Wednesday, 19 February, 2020

Early humans in Africa may have interbred with an unidentified ghost species

Ghost Population’ of Archaic Humans Found in Modern Day Genes of People in West Africa Scientists find evidence of 'ghost population' of ancient humans
Sandy Nunez | 14 February, 2020, 22:57

A new study suggests that an ancient population (not yet discovered in fossils) of a very human nature could leave a genetic legacy that can still be seen in some modern West Africans.

A research conducted by two biologists from the University of California, Los Angeles, has revealed that a "ghost population" of ancient humans inhabited in West Africa almost half a million years ago.

The model developed in the study further suggests that this unknown archaic human population split millions of years ago from the lineage that gave rise to modern humans, Neanderthals and Denisovans. They found DNA segments in the West Africans that could best be explained by ancestral interbreeding with an unknown member of the human family tree that led to what is called genetic "introgression".

The discoveries are not at all definitive, but as per the experts' best guesses, the 'ghost population' separated from the ancestors of Neanderthals and today's humans between 360,000 and one million years ago.

There aren't any bones or ancient DNA to prove that theory, but researchers say the evidence is in the genes of modern West Africans. Scientists are of the opinion that traces of the genes of these mysterious population can still be found in people, reported CNN.

A Professor of Human Genetics and Computer Science with the University of California, Sriram Sankararaman said interbreeding within both species may likely have occurred some 43,000 years ago with large periods of uncertainty.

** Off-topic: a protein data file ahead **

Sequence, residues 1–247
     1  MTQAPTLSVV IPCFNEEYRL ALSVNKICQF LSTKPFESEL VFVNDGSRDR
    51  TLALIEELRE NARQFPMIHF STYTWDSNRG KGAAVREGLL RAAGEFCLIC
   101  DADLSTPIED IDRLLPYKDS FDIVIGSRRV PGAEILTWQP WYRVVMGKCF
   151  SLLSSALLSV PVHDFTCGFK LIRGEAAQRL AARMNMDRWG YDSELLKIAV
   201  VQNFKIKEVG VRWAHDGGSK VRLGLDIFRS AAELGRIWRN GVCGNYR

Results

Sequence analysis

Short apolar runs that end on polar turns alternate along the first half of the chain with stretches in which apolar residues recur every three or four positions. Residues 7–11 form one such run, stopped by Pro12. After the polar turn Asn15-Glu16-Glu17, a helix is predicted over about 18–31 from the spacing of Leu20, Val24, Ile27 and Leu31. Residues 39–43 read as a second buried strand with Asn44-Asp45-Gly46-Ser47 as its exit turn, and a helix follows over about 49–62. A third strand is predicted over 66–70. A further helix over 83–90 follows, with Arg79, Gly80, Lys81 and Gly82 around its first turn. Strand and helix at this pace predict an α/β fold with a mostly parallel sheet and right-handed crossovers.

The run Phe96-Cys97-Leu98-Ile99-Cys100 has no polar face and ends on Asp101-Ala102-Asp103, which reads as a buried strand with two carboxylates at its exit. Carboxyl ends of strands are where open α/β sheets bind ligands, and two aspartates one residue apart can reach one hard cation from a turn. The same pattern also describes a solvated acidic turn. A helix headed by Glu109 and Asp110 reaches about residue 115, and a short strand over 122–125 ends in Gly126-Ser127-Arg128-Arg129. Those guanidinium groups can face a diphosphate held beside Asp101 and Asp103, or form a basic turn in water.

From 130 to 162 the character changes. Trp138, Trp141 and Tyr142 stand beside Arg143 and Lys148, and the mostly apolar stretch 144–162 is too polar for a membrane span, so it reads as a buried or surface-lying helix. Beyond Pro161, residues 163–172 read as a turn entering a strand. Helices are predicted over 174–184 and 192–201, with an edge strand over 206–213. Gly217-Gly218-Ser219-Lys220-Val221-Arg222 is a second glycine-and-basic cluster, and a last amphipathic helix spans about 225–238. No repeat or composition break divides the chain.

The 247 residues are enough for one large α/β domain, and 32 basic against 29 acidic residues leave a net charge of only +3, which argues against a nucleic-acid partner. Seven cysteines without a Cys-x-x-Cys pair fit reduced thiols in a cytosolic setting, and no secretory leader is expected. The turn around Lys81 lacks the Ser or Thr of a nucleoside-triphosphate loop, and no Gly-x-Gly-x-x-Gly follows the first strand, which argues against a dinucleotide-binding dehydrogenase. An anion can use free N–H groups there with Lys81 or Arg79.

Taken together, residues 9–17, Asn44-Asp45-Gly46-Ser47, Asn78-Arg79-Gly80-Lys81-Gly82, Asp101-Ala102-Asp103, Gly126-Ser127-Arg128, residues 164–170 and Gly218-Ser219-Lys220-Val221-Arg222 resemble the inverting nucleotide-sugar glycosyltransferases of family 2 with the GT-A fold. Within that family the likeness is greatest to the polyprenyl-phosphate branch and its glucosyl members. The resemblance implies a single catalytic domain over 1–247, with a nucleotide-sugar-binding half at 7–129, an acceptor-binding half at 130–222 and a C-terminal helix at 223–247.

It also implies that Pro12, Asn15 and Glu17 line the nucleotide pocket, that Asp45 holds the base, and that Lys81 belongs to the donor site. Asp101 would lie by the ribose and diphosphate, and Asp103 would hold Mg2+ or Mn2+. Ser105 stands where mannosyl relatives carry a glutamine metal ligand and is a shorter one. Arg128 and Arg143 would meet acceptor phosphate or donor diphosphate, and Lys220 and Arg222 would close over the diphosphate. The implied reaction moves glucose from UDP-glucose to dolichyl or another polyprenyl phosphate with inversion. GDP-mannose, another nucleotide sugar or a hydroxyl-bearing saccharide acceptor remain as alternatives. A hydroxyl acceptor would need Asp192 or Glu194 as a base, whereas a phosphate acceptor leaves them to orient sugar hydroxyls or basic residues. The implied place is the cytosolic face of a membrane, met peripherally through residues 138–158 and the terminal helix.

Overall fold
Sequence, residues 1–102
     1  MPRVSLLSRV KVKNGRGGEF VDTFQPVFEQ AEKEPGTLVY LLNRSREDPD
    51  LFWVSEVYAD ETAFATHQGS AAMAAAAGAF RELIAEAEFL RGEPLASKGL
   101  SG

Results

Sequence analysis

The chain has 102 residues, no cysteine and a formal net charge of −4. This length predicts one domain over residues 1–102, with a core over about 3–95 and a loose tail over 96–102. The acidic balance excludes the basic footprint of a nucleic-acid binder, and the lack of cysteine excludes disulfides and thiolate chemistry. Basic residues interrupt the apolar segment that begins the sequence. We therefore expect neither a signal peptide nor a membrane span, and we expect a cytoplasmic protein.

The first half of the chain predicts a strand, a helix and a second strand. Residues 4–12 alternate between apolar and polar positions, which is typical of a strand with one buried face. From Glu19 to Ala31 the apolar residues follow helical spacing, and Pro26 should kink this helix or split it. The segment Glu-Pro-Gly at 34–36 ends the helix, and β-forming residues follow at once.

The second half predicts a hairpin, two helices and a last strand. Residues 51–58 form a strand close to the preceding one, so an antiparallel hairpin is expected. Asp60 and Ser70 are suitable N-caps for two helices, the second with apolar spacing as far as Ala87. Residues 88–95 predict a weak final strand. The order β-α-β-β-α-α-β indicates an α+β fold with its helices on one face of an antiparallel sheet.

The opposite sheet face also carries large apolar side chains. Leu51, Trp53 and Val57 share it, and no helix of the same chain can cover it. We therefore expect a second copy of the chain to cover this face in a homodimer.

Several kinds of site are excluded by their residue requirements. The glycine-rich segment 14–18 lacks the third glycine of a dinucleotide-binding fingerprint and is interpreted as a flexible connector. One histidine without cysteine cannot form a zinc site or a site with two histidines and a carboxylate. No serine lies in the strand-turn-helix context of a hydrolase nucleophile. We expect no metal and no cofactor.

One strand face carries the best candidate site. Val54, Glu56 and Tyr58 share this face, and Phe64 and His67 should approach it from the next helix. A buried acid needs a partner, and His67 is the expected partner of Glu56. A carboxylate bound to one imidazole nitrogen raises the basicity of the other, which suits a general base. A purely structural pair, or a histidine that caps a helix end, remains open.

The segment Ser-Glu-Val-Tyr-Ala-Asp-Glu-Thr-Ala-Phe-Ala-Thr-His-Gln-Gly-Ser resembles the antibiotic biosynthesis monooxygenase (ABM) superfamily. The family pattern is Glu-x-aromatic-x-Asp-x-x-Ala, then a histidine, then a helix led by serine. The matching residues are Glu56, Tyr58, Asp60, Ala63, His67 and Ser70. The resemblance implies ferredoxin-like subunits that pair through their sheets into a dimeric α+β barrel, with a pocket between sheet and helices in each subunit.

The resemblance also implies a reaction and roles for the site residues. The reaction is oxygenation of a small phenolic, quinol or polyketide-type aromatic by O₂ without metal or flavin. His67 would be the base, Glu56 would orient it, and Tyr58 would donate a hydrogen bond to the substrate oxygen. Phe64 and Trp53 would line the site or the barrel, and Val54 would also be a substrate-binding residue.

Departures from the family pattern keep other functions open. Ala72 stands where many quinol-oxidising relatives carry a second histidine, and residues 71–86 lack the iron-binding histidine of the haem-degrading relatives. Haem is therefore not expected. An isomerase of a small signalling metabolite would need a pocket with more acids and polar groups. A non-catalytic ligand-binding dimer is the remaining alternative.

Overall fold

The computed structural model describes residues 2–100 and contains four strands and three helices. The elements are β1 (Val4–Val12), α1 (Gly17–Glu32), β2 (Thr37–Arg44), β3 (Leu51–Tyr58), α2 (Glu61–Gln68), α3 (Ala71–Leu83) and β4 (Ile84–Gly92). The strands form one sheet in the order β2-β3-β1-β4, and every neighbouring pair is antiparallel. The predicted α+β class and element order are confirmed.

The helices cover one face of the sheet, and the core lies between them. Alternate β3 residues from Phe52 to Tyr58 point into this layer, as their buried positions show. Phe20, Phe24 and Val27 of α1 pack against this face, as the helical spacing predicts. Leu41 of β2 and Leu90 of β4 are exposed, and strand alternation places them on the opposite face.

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But our understanding of the relationship between ancient human ancestors within Africa, and their connection with archaic humans, is beginning to deepen. In 2014 a landmark genetic study revealed that human beings of European and Asian descent are not entirely human, as we had previously understood the term. The researchers also note that it's possible humans interbred with several waves of different hominids over thousands of years.

"They seem to have made a pretty substantial impact on the genomes of the present-day individuals we studied", Sankararaman said.

Scientists discovered web links to the Mende individuals of Sierra Leone, Yoruba in addition to Esan individuals in Nigeria, plus various other teams in western locations of The Gambia.

The researchers are now keen to delve into the ancient genes and work out what they do. This means, some percentage of the DNA in the present day West Africans seemed to have arisen in a distant branch of humans that was not Homo Sapiens. The results were surprising: between 2 and 19 percent of the genes come from an unknown group of archaic humans. But actually knowing who those ancestors were, how they interacted, and where they existed is going to take fieldwork to find their fossil and archaeological remains.

Asked what details are known about this population, Sankararaman said, "Not much at this stage". But researchers have not yet succeeded in extracting and sequencing DNA from that fossil, or from others found in Africa that are thought to be from now-extinct hominins.